Posted by Ayleen Barbel Fattal
Rule breaking is not uncommon for preschool children, but being able to identify those children most at risk of long-term defiant behavior is key in helping them avoid a myriad of negative consequences.
FIU psychologist Miguel Villodas evaluated 788 children identified as high-risk of maltreatment including those from low-income families, single parent homes or with very young parents, and those living in neighborhoods with a high prevalence of violence. He found approximately half of the participants were exposed to maltreatment – 56 percent of those before the age of 4.
Children at-risk of maltreatment or who experience abuse are more likely to develop conduct-related disorders including attention deficit hyperactivity disorder (ADHD), oppositional defiant disorder (ODD) and conduct disorder. Villodas found some of the children in the study exhibited aggressive and defiant behaviors as early as age 4. More importantly, he discovered that if left untreated, those behaviors persisted into adolescence.
“Kids with extreme problem behaviors can be identified early in childhood and tend to remain stable in the category into which they were originally classified,” Villodas said.
The study tracked the externalizing problems of children and adolescents at-risk of physical abuse, sexual abuse or neglect. Externalizing problems can range from minor disruptive or nuisance behaviors such as calling out in class, to more severe and even criminal behaviors including physical assault. Villodas conducted assessments of the participants at ages 4, 8 and 12. According to the behaviors observed, the children were classified into one of three categories:
- well adjusted
However, by age 12, a fourth category emerged – defiant/deceitful – characterized by more severe behaviors. By age 14, interviews including the participants’ caregivers were conducted to provide formal diagnoses. Approximately 9 percent of the 14-year-olds were diagnosed with ADHD, 13 percent with ODD and 10 percent with conduct disorder.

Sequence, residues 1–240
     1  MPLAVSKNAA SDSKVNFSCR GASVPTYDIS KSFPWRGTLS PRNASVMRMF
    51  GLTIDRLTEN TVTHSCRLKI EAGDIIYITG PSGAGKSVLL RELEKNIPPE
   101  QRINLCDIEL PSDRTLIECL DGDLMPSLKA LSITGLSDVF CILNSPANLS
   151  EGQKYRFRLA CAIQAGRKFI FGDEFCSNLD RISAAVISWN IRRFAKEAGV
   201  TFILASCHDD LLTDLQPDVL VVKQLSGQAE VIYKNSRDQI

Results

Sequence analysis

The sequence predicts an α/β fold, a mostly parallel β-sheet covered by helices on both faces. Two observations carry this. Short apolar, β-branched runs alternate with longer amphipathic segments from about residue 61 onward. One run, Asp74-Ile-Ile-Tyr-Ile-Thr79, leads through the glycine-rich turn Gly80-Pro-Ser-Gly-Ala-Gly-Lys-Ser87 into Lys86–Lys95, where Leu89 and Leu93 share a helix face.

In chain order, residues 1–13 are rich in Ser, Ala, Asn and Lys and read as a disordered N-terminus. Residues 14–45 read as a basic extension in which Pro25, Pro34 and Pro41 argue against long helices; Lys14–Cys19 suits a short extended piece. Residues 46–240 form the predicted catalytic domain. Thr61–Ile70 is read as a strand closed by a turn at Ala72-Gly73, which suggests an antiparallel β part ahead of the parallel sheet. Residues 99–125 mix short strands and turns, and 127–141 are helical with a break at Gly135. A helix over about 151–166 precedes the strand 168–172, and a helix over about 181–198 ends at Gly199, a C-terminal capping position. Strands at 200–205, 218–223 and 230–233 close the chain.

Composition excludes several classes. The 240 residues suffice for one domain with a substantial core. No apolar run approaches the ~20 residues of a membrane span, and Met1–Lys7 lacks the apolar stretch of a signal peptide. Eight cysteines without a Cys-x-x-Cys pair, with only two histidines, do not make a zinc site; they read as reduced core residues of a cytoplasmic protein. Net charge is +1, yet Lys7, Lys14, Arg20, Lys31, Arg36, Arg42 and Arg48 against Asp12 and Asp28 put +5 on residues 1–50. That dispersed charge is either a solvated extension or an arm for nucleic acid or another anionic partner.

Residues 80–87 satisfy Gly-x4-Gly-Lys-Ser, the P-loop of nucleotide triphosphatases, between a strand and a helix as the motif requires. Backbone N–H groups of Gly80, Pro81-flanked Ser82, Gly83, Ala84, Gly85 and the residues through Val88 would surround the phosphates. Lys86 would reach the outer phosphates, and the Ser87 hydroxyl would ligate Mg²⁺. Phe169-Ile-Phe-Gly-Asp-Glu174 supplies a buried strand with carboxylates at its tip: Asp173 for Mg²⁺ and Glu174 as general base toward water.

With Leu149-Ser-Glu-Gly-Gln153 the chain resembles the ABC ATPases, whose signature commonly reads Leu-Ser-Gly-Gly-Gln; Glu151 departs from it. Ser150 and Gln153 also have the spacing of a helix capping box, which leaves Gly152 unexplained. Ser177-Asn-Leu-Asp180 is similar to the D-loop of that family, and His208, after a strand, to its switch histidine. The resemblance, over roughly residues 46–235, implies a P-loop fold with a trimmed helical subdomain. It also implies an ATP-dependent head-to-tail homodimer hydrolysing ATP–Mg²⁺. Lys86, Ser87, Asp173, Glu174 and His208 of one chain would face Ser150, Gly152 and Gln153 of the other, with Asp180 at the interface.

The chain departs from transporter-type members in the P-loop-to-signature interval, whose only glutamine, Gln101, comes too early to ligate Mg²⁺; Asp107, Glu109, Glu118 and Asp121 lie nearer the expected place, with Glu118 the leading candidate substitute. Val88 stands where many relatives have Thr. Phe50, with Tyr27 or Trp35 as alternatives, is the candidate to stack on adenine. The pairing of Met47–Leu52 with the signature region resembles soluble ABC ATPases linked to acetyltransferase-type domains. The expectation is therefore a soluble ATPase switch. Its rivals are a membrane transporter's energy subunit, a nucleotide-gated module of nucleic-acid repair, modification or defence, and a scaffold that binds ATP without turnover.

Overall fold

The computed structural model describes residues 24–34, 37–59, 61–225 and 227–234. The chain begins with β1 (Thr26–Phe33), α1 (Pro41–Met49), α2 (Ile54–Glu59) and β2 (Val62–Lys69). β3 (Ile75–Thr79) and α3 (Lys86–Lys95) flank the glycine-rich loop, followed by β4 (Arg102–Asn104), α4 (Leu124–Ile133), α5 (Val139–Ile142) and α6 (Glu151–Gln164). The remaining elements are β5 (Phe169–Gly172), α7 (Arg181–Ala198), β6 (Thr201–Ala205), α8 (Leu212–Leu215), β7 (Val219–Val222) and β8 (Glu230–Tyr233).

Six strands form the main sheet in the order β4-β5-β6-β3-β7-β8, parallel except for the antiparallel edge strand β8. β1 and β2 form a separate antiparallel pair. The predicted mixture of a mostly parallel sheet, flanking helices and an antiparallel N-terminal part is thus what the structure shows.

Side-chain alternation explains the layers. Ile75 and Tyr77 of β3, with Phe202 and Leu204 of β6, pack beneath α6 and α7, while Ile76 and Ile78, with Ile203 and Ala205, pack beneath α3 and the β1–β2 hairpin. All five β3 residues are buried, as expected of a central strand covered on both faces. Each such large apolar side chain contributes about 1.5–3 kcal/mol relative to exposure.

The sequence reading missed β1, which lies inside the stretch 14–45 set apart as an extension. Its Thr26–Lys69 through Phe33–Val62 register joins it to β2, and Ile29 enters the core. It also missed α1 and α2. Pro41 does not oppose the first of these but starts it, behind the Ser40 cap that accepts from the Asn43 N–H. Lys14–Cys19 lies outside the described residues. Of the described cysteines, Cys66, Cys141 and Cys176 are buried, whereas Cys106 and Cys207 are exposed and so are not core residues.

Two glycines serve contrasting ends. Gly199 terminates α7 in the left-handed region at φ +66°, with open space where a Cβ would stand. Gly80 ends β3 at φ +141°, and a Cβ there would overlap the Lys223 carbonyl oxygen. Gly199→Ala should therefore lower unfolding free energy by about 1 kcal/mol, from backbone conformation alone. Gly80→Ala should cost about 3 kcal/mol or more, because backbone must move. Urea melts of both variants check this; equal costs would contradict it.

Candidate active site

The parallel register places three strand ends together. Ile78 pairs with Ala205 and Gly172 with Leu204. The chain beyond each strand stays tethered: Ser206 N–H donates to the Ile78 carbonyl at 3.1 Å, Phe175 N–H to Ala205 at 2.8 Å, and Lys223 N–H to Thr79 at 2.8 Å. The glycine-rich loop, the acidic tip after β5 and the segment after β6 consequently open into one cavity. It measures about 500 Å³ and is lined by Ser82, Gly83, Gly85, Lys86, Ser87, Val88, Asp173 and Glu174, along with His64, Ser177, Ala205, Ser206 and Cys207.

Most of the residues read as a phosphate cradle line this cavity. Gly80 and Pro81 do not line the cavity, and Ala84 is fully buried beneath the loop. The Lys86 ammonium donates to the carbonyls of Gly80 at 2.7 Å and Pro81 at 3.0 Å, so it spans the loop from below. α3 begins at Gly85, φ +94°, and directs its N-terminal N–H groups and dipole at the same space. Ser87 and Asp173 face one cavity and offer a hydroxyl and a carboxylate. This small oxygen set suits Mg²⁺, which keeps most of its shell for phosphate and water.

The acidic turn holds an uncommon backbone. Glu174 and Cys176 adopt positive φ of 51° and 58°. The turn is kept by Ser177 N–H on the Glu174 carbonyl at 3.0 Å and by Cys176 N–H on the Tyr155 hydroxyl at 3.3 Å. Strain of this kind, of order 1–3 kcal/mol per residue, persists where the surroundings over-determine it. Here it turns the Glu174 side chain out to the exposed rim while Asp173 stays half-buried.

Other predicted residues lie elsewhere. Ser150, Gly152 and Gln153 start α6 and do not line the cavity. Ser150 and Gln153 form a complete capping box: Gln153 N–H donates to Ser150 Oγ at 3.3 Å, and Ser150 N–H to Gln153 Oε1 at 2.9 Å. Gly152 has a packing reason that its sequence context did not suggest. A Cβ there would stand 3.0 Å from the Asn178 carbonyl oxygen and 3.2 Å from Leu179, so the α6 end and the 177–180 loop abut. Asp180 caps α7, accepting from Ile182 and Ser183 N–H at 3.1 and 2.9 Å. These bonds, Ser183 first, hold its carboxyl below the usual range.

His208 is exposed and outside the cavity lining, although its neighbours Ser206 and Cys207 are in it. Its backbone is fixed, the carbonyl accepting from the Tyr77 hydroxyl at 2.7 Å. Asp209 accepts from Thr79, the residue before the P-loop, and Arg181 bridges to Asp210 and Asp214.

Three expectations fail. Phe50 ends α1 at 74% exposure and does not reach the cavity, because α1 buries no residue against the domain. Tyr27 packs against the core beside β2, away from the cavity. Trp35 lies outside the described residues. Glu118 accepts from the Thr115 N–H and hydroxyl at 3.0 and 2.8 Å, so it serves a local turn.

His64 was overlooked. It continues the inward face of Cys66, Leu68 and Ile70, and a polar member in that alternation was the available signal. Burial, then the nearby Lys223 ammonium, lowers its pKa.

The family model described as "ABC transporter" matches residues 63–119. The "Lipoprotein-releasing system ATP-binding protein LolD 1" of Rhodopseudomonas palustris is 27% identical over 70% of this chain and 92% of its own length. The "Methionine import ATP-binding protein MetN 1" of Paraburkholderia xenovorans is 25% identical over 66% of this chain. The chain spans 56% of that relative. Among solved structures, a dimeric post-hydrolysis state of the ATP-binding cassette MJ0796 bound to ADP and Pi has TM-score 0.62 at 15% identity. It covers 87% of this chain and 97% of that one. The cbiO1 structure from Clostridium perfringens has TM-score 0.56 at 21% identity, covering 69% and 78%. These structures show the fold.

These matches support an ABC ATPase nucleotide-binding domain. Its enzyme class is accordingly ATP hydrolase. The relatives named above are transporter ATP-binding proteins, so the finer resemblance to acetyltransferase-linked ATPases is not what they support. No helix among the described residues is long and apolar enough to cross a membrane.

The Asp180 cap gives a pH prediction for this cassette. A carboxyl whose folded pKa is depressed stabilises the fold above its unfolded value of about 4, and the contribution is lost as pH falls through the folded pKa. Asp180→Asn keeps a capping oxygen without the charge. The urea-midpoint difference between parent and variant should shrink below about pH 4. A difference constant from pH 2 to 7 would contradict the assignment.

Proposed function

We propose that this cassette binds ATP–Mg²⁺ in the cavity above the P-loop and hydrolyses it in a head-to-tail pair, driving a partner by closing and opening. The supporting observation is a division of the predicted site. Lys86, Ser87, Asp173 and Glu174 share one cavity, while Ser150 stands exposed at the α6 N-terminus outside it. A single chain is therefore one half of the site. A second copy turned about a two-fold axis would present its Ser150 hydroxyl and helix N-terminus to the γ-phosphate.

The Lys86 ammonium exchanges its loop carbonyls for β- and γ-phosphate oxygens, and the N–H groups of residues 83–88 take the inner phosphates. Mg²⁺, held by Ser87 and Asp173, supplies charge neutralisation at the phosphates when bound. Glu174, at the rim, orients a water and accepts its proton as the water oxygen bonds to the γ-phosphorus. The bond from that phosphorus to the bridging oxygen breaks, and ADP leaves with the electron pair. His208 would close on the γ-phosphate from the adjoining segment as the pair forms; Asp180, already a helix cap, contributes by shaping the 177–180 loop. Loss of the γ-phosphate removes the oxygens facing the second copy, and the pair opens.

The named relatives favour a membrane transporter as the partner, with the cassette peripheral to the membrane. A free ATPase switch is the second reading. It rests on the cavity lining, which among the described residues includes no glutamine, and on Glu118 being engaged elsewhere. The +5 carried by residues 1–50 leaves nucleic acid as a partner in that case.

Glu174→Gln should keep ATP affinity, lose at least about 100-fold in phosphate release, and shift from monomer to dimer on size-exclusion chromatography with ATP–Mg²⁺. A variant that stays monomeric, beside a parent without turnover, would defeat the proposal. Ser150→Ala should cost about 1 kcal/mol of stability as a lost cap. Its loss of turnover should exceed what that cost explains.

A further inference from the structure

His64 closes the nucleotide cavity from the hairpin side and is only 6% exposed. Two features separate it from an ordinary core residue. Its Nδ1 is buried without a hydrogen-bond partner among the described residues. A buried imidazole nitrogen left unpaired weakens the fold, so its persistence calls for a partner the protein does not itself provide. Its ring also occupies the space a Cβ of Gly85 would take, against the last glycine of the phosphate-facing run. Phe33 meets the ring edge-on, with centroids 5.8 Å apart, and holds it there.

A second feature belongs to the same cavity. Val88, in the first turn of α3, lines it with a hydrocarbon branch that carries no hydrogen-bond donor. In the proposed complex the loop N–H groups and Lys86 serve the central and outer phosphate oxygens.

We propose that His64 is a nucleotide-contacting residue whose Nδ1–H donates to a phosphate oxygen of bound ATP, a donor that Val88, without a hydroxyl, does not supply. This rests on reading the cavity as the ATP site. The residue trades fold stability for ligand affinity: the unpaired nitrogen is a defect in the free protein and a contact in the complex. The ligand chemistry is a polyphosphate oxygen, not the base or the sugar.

Results also showed children who were allegedly physically abused recently, were at a higher risk for exhibiting aggressive/rule-breaking behavior in preschool and preadolescence. Moreover, children who allegedly experienced neglect or sexual abuse were less likely to be well adjusted as they move into adolescence.
Because there is substantial overlap in the behaviors exhibited by children with ADHD, ODD and conduct disorder, it is important to implement multifaceted interventions and forms of treatment. Targeting and curbing a broad spectrum of externalizing problems allows for more effective early interventions.
“Our primary goal with this research is to help the kids,” Villodas said. “We want to target certain parenting behaviors to help parents manage stressful situations. Maltreatment doesn’t necessarily lead to bad behavior, sometimes the bad behavior leads to maltreatment.”
As a researcher for FIU’s Center for Children and Families, Villodas evaluates clinic and school-based psychosocial intervention models that target impairments associated with ADHD and externalizing behavior problems among children and adolescents.
Villodas conducted the study in collaboration with researchers from San Diego State University, Juvenile Protective Association, University of North Carolina at Chapel Hill, University of Massachusetts-Lowell, University of Washington and University of Maryland supported by funding from the U.S. Department of Health and Human Services and the National Institutes of Health. The article is pending print publication in the journal Development and Psychopathology and the findings are currently available online.
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